Skip to main content
The taking of Lone Pine by Fred Leist. Image: Wikimedia Commons.
Opinion_

An Anzac myth

21 April 2016
The creative memorialisation of Gallipoli

In this essay for The Monthly, Professor Mark McKenna considers whether Turkey and Australia have memorialised a romantic image of Gallipoli. 

"Could you explain to me this custom?" We had spent three days with our Turkish colleague, and by our final evening together in Çanakkale, on the eastern shore of the Dardanelles strait, the conversation had become more expansive. "Why do Australians insert newspaper into their backsides and set fire to it as they leap into the sea?" Confused, we asked where on earth he had witnessed such an exotic cultural practice. "Right here in Çanakkale, many years ago. All of them completely naked, taking turns to jump off the jetty. They assisted each other with the newspaper and matches."

His memory harked back to the late 1980s, a time when the backpacker "pilgrimage" to Gallipoli was in its infancy, before the torrent that was to follow. The Australians in question had been touring the battlefields between bouts of boozing and incendiary bathing, and their outlandish behaviour was widely frowned upon by their hosts. Reports appeared in local papers and, perhaps inevitably, spontaneous brawling erupted with local youths who took it upon themselves to police the boundaries of decorum.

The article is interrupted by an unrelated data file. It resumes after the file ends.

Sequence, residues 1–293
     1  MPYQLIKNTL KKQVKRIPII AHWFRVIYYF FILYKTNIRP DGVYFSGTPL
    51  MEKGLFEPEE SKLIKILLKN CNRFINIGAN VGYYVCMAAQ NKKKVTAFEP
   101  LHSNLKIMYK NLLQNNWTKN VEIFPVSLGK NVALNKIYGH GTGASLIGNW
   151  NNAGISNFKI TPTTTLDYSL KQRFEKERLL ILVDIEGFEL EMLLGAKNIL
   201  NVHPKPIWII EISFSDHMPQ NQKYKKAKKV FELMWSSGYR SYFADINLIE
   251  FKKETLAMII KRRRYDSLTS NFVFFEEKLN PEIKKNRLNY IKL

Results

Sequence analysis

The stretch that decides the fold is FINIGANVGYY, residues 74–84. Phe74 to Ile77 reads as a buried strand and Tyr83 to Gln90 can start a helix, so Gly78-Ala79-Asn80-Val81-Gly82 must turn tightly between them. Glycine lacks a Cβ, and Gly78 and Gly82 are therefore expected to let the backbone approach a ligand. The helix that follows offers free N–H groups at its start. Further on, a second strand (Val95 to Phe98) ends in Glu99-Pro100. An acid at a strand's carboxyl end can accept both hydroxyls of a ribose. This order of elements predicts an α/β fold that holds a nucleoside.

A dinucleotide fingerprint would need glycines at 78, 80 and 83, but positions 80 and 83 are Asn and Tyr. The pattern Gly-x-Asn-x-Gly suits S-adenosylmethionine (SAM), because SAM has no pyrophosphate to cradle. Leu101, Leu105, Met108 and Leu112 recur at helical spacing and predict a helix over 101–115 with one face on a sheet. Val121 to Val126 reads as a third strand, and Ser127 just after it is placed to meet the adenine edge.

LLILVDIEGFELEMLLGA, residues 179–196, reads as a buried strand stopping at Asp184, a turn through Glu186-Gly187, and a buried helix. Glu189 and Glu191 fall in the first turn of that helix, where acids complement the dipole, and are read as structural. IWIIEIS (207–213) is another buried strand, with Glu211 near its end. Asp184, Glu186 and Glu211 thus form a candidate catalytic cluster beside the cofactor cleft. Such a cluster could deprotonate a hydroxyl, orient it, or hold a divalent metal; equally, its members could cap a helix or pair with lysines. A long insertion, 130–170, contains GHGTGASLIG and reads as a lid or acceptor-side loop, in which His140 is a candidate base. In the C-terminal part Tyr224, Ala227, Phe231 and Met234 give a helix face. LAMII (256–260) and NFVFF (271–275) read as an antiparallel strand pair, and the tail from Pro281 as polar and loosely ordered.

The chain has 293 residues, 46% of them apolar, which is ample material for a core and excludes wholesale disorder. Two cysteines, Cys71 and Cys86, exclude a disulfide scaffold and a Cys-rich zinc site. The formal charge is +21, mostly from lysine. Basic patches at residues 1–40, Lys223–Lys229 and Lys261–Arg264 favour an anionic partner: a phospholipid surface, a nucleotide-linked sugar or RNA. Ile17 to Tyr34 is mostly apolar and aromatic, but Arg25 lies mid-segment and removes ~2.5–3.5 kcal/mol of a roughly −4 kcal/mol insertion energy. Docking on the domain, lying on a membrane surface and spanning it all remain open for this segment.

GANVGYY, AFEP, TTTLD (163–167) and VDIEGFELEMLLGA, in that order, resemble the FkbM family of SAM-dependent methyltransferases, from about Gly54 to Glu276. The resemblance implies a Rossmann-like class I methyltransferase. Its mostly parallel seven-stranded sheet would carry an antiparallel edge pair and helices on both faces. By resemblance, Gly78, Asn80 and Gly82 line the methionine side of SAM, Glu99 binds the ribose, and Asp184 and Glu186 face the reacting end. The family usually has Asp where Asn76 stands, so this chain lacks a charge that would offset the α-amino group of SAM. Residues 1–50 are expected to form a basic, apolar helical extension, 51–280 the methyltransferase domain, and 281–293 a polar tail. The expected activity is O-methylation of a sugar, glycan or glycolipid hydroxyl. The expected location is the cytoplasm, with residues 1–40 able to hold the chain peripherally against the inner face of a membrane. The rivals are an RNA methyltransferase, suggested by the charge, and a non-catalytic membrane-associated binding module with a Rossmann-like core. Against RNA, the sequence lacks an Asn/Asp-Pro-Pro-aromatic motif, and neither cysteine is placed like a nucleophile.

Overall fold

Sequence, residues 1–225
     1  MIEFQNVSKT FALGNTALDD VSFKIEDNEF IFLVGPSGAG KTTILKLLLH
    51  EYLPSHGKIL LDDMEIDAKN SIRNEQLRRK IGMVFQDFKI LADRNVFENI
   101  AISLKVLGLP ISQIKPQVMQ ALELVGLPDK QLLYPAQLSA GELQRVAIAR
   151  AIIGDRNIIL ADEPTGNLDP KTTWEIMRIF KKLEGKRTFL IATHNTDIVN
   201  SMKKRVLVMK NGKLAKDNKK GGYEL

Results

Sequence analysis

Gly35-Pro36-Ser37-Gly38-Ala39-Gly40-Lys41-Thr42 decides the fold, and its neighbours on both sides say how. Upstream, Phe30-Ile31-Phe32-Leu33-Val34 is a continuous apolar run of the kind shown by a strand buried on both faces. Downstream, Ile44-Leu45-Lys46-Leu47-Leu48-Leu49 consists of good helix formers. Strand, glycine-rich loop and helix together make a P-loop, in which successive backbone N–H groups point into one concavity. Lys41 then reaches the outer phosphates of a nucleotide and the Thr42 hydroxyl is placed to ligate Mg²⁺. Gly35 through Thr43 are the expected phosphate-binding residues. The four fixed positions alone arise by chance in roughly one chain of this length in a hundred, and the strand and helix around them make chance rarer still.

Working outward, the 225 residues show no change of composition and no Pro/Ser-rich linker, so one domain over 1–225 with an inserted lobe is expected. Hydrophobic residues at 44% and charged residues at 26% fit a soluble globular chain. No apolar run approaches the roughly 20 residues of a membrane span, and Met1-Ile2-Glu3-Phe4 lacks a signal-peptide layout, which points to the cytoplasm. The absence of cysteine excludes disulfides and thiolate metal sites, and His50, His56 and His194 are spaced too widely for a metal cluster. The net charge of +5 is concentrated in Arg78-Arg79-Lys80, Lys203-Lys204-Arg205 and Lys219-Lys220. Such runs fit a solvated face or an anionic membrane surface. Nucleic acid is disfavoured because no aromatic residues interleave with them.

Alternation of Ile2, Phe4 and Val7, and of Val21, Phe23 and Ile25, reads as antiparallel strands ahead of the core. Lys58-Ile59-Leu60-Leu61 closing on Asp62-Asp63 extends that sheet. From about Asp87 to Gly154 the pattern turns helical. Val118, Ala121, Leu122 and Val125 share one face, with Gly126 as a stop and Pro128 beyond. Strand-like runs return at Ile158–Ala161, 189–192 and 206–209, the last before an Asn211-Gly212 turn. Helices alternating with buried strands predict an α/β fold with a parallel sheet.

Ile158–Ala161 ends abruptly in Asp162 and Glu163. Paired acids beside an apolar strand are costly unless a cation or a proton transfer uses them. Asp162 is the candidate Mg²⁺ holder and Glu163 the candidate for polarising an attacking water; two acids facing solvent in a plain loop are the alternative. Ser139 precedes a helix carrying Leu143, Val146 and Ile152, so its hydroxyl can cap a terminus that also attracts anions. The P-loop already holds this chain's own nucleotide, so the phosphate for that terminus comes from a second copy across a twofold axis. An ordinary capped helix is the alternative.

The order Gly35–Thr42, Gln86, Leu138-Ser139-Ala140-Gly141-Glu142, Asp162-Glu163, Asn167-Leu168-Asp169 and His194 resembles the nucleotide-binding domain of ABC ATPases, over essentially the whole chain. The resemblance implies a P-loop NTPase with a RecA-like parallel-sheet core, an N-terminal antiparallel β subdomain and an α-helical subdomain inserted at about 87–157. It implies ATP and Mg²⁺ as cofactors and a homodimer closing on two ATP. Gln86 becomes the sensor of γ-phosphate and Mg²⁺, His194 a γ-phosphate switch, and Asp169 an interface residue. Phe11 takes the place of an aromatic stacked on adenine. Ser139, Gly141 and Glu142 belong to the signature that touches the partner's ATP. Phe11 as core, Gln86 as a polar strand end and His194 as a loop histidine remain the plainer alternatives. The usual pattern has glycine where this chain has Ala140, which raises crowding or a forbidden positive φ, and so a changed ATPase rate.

Such a spectacle seems entirely incongruous today, and would embarrass the majority of Anzac tourists, whose journeys are more reverent and restrained. Yet the episode had lodged in our friend's mind as an Australian "custom". He told of other incidents of contemptuous conduct and deliberate disregard, not out of moral indignation but more as a historical curiosity. He explained that the annual sleep-out at Anzac Cove in those early years intrigued the local community, fuelling rumours of drunken orgies and general debauchery on the shores of Ari Burnu.

We had come to the Gallipoli peninsula in early May, only weeks after the centenary of the Anzac landing. Remnants of the production were being dismantled: the scaffolding of grandstands at Lone Pine stacked in piles near the cemetery; the pilgrims' handwritten letters to "the fallen" still stuck to the gravestones of Australian soldiers at Anzac Cove. With the enormous video screens, loudspeakers and thousands of participants gone, the landscape had returned to some semblance of normality.

Tales of Turkish–Australian friendship are repeated out of all proportion to the number of times the events actually occurred.